Robert Kaplan, President of the US Federal Reserve in Dallas, spoke again in an interview with MarketWatch on Tuesday in favor of starting a conversation about the central bank taking its foot off the gas in order to support the economy.
Kaplan said he had more confidence than three months ago that the economy will weather the pandemic and be on track to meet the Fed’s goals of full employment and price stability.
The Fed bought $ 120 billion a month in government bonds and mortgage-backed securities and kept interest rates near zero to help the economy.
In December, the Fed announced that it would continue to buy assets until the economy reaches a “sustained improvement” benchmark to meet its targets of full employment and long-term inflation of 2%.
“A lot has changed since December,” said Kaplan, citing strong fiscal policies, relatively quick adoption of vaccines, and improved mobility and engagement by Americans in the economy.
“I think it will make sense to at least discuss how we would adjust these purchases and have these discussions sooner rather than later,” Kaplan said.
Last week Fed Chairman Jerome Powell said the economy was nowhere near “significant further progress” Benchmark as a prerequisite for the Fed to limit its support for the economy.
In the interview, Kaplan said he thought the phrase “significant further progress” refers to an economy “on track” to meet the bank’s employment and inflation targets, and also to a feeling that the economy is weathering the pandemic have. “At least for me, I have a better view and more confidence that we can see light at least at the end of the tunnel to reach this benchmark,” said Kaplan.
The Fed should begin to discuss the benefits of the purchases and the “costs and side effects” which include excesses and imbalances in financial and housing markets, he said.
“I think it makes sense to recognize that buying government bonds and mortgage-backed securities is one of several factors” that affect valuations in the financial and real estate markets.
“There will be a debate about what meets this benchmark and we will debate it,” he said.
Kaplan said he did not know if the Fed would start talks about reducing its asset purchases at its next political meeting in mid-June. He said it was a “group decision”.
On Monday, two Fed officials, New York Fed President John Williams and Richmond Fed President Thomas Barkin, said the economy was improving but not performing well enough to consider scaling back the bond purchase program.
Barkin told CNBC that a key metric for the economy is the employment-to-population ratio, which has made “modest progress” in recovering from the depths of the pandemic.
Kaplan said there is a “fog” around labor force participation rates. Some workers have retired, some women are staying home and looking after children, and some poorly paid workers do not want to return to the front lines on low wages. These reluctant workers are currently receiving unemployment benefits and are patient, Kaplan said. “All of these factors are frictions in the labor market. They are not indicative of the lack of job availability, ”Kaplan said.
“I think it will take a while for the fog to settle on the participation rate,” said Kaplan.
Rising inflation is on the minds of investors as the economy revives. Fed officials have downplayed the risk of the economy overheating despite all fiscal stimulus and simple Fed policies.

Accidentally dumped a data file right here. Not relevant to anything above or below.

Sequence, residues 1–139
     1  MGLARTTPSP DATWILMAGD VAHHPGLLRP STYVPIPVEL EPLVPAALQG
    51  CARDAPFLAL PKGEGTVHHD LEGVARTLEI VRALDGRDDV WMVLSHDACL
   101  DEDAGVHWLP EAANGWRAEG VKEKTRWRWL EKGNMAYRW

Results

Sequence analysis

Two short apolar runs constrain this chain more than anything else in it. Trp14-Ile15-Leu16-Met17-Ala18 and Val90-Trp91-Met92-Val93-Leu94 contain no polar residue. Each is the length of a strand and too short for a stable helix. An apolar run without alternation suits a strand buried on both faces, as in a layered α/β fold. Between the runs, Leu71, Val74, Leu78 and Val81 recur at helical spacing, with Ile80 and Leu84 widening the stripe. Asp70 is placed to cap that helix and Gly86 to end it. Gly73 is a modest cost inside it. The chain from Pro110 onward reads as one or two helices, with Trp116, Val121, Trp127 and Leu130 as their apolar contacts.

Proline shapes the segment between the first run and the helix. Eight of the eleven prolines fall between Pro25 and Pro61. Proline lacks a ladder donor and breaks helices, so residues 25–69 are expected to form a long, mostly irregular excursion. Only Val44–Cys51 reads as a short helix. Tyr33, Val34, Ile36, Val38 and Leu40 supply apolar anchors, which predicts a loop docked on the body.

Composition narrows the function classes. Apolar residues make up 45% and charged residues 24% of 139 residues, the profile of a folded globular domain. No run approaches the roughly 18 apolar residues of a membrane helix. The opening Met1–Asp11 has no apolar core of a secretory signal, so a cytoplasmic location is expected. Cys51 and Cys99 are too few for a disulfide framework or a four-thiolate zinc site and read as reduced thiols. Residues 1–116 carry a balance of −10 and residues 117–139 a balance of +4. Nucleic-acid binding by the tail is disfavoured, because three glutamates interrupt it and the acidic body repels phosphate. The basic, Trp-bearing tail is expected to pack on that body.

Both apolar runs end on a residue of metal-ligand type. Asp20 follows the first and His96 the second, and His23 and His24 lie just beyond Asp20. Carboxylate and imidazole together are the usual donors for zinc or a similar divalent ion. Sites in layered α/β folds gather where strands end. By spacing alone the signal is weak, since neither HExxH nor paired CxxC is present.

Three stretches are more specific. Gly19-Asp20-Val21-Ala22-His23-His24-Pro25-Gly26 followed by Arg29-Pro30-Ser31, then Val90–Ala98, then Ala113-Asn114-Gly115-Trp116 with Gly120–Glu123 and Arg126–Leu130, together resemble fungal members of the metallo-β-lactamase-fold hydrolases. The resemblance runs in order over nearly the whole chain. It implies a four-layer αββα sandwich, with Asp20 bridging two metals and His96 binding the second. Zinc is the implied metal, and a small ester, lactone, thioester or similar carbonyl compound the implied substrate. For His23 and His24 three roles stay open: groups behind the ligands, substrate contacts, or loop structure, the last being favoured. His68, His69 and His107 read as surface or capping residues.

On Monday, New York Fed President Williams reiterated in comments on Powell He expects inflation to “surpass” the Fed’s 2% target this year, but to decline next year.
Kaplan told MarketWatch he wasn’t sure how inflation will behave in 2022.
He said his business contacts are no longer sure that the supply and demand bottlenecks that are leading to higher prices will be resolved this year. “Some of them are a little less sure now. The time frame is being postponed, ”he said.
Businesses are struggling to meet strong demand, he said.
“One of them said it was like trying to go up an escalator,” Kaplan said.
Based on his overall assessment of the economy, Kaplan believes the Fed will raise interest rates from zero sometime in 2022. Until then, he believes the economy will meet the three objectives of the new Fed framework: full employment, inflation at 2%, and inflation can be seen to be moderately above 2% for some time.
Earlier on Tuesday, Treasury Secretary Janet Yellen said the Fed may need to raise interest rates to ensure the economy doesn’t overheat.
“Based on my forecast, this will happen in 2022,” said Kaplan, adding, “we have time to assess this and see how the economy performs.”
Most Fed officials don’t expect a rate hike until after 2023.
Kaplan said it made sense that the Fed was less preventive than it has been in the past. However, he noted that the Fed could remain “very accommodative” without keeping rates at zero.
“In the next few years there will come a point where we should be very accommodative, but that could mean the fed funds rate is above zero,” he said.
He noted that the so-called neutral rate on the economy – which rates neither support nor depress growth – will rise higher amid predictions of a strong US economy. If the Fed doesn’t hike rates at the same time, it’s more accommodative.
Kaplan differed from noted economist and former Pimco executive director and co-chief investment officer Mohamed El-Erian, who argued in a Financial Times statement that the Fed’s new tripartite framework could effectively hold monetary policy hostage. “I support the framework,” said Kaplan. “We’ll have differences of opinion on how to do it.”
Stocks ended up mixed with the S&P 500 on Tuesday
Index falls 0.67% and the Nasdaq Composite
They are losing nearly three times as much ground as the Dow industry
DJIA, + 0.06%
made a profit.